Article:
Dismiss Notice
Join Physics Forums Today!
The friendliest, high quality science and math community on the planet! Everyone who loves science is here!

A non-expert question

  1. May 27, 2008 #1
    a non-expert question !!


    From what i understand , the number of spacetime dimensions needed by strings theory to be consistent arises due to the quantization of the classical action of the string , given that there shouldn't be tachyonic states in the mass spectrum of the theory . my question goes like this : why don't physicists look for a new quantization process that gives 4 dimensions , and looks like the known quantization when the string shrinks to a point particle , so that Q.M is modified for the sake of strings theory , but remains correct for our classical picture where particles are point like objects .

    in other words : strings theory modifies G.R by adding some corrections to einstein-hilbert action - right ??- that leave the action intact for large scales , but it doesn't seem to do the same when it comes to quantum mechanics !!! it certainly says a lot about QFT , but QM is a given in the formulation of strings theory !!!

    excuse my technical terms , i'm not an expert , i just have an interest in the subject .
  2. jcsd
  3. May 28, 2008 #2
    is it that my question isn't worthy of response or what :uhh:
  4. May 28, 2008 #3
    I am an amature and my opinion is of little consequence here, but I would suggest that your question is probably too broad to answer without writing a textbook. Try narrowing it down and be more specific.

    Also, this forum is jealously gaurded by persons who believe it should only be for discussion of papers published in peer-reviewed jounals. Your quesion sounds like you may be developing your own ideas.....a dangerous practice when all you are expected to do is to climb up on the shoulders of giants.

    Good luck.
  5. May 28, 2008 #4

    Vanadium 50

    User Avatar
    Staff Emeritus
    Science Advisor
    Education Advisor
    2015 Award

    I demand an answer! In under 10 hours! In the middle of the night!
  6. May 28, 2008 #5


    User Avatar
    Science Advisor
    Homework Helper
    Gold Member

    That's certainly a very interesting idea. The problem is that it's just words (for now). There is clear way to generalize the quantization process. But I think it's an interesting idea...But without any specific idea about how to go about it, it's just speculation.
    I don't know whether anybody has ever made any attempt in that direction. And I don't know if anyone has ever spent some time thinking about it. It's the first time I hear the idea and it's interesting.

    You are right that string theory has the standard quantization approach as a starting point. It does not at all propose any modification of quantum mechanics. If you were to quantize classical strings in different way then the theory would no longer be called string theory but something else. Again, it' san interesting proposal but from the idea to an actual implementation involves a huge step and it's not clear at all how one would get started.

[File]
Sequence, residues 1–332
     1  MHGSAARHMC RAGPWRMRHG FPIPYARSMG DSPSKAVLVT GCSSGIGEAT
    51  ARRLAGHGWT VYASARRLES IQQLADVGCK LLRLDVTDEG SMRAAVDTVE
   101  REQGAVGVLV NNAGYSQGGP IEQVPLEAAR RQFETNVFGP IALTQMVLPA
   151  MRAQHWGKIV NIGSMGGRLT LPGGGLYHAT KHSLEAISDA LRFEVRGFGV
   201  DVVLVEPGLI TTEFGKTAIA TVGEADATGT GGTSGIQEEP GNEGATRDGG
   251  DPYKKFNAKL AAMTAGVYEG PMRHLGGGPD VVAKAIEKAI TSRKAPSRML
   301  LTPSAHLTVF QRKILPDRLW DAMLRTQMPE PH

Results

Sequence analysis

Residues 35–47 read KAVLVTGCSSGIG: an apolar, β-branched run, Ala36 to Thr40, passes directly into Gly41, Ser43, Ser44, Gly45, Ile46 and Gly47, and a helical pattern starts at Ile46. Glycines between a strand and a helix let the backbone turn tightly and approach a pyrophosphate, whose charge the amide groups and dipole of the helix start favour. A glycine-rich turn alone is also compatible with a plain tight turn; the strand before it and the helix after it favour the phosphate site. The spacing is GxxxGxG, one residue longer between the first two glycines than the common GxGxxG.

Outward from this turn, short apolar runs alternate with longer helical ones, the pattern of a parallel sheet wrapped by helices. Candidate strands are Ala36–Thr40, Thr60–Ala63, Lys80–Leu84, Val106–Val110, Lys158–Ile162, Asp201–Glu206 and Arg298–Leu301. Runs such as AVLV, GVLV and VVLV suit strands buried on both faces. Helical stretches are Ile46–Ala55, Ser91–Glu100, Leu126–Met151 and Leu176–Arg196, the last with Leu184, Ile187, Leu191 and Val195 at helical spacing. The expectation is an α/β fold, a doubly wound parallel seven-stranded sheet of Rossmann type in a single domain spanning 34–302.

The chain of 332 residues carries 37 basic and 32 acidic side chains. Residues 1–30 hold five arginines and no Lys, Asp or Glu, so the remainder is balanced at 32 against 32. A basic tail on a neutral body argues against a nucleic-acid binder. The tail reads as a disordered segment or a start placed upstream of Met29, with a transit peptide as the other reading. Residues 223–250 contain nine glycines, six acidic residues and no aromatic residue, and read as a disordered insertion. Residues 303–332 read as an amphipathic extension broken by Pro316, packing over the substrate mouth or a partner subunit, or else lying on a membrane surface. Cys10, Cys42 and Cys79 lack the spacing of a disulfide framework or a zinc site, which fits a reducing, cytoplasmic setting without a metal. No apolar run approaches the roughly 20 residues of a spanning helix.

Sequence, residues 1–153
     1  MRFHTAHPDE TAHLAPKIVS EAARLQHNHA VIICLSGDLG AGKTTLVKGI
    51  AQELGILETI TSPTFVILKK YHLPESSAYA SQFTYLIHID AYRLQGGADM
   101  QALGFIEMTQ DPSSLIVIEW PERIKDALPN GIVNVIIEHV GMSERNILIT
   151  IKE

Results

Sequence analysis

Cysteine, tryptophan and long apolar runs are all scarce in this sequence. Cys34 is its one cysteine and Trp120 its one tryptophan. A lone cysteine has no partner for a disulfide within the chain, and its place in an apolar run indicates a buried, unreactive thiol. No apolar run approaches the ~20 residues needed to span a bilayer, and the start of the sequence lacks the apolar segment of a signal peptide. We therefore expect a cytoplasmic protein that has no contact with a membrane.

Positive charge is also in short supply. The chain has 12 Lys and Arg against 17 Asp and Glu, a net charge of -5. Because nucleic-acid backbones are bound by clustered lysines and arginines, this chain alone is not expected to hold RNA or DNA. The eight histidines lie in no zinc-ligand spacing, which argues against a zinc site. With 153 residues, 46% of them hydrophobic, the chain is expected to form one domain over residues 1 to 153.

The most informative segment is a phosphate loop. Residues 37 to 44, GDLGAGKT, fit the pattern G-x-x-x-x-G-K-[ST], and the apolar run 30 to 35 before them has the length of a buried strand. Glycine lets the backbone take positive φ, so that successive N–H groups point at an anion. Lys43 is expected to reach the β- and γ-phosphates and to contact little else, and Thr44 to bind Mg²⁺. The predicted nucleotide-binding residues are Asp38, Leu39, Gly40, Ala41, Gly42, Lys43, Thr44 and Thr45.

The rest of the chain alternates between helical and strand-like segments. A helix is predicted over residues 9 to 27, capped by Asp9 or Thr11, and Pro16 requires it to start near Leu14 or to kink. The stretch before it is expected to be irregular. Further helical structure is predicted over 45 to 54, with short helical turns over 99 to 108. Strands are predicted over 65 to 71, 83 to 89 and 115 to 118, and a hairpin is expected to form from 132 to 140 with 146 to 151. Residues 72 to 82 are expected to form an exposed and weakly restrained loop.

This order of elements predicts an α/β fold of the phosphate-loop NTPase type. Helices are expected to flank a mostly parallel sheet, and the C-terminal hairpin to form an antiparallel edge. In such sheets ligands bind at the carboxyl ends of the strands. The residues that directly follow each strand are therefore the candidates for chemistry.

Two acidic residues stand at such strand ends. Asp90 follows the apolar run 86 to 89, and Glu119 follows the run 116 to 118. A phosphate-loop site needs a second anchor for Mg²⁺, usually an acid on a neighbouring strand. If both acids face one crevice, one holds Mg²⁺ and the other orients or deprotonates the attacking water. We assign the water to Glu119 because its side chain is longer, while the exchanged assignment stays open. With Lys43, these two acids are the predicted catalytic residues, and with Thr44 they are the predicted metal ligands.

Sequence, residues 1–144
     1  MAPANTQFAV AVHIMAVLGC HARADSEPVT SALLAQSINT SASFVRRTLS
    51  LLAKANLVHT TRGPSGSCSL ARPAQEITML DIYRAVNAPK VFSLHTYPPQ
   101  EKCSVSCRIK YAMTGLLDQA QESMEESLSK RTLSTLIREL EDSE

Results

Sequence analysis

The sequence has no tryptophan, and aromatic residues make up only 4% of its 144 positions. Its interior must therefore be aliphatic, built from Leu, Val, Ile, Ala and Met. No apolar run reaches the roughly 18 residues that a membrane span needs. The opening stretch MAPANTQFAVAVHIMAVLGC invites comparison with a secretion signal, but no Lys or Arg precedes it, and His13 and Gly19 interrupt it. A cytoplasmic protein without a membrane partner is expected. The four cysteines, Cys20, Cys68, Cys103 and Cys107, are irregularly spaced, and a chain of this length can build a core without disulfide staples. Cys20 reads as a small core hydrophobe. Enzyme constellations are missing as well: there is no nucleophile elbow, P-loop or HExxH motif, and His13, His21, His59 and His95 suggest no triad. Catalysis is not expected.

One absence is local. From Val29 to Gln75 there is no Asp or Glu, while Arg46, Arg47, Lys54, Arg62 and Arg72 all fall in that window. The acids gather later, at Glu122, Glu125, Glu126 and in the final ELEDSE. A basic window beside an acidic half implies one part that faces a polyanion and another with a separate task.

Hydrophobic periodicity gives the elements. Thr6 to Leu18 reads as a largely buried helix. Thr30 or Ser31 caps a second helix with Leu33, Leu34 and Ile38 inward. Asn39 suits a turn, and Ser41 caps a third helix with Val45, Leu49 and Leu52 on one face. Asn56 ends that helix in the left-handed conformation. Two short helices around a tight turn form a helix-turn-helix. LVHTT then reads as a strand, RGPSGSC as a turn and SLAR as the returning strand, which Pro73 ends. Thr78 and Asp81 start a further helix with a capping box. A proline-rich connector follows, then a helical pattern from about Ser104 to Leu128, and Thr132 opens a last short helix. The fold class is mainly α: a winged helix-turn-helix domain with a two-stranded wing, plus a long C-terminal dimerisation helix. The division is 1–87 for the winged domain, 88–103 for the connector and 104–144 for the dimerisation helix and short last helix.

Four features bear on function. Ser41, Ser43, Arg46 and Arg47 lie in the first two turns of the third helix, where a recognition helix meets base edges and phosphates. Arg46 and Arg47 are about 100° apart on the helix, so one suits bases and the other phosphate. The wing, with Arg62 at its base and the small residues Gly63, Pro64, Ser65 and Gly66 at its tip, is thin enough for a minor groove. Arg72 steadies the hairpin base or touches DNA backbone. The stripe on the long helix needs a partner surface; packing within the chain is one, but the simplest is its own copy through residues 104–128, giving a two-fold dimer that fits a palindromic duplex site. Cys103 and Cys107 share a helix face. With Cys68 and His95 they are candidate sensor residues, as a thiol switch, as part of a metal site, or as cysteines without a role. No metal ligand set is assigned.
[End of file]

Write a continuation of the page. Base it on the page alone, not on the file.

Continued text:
7. May 28, 2008 #6


    User Avatar
    Science Advisor
    Gold Member
    2015 Award
    Dearly Missed

    Don't worry starkind, mmzaj is on very safe ground. And it is a good thing that the mentors keep the bar raised because it encourages people to look in the literature for their ideas. It can be educational to do a search and find out where what you have thought up overlaps with some peer-review journal research---as often happens.

    In this case mmzaj have you looked here?
    This several times makes special mention of the D = 4 case.
    Like here: "Since any value of dimension can be used, and especially d=4, the applications could be more realistic..."

    I am not saying that Wikipedia is entirely reliable, or that the idea here is the same as yours. But there may be some overlap.

    Also you might look here:
    this article has further references to books and other source material

    It begins: "The non-critical string theory describes the relativistic string without enforcing the critical dimension. Although this allows the construction of a string theory in 4 spacetime dimensions, such a theory usually does not describe a Lorentz invariant background. Thus it is not a suitable theory of everything. However, there are recent developments which make possible Lorentz invariant quantization of string theory in 4-dimensional Minkowski space-time.

    There are several applications of the non-critical string..."

    I'm not well-informed about this but perhaps tossing out these links can be a little help to you.
    Last edited: May 28, 2008
  8. May 28, 2008 #7


    User Avatar
    Science Advisor

    Several years ago, some of the LQG theorists used their bizarro quantization process (nonseperable/huge hilbert space, Polymeyer states, etc) on the bosonic string.

    AFAIK thats the only case of using nonstandard quantization procedures w.r.t string theory perse.

    Suffice it to say, it wasn't well recieved, pretty much b/c it missed all the quantum anomalies of the system, which is bad.
  9. May 29, 2008 #8


    User Avatar
    Science Advisor

    Additional dimension in string theory are actually a GOOD thing, because otherwise string theory in 4 dimensions would be too simple, i.e., it could NOT accommodate specific interactions of the Standard Model of elementary particles. Perhaps it could be done with less than 10 dimensions, but certainly not with only 4 dimensions.
Know someone interested in this topic? Share this thread via Reddit, Google+, Twitter, or Facebook

Have something to add?

Similar Discussions: A non-expert question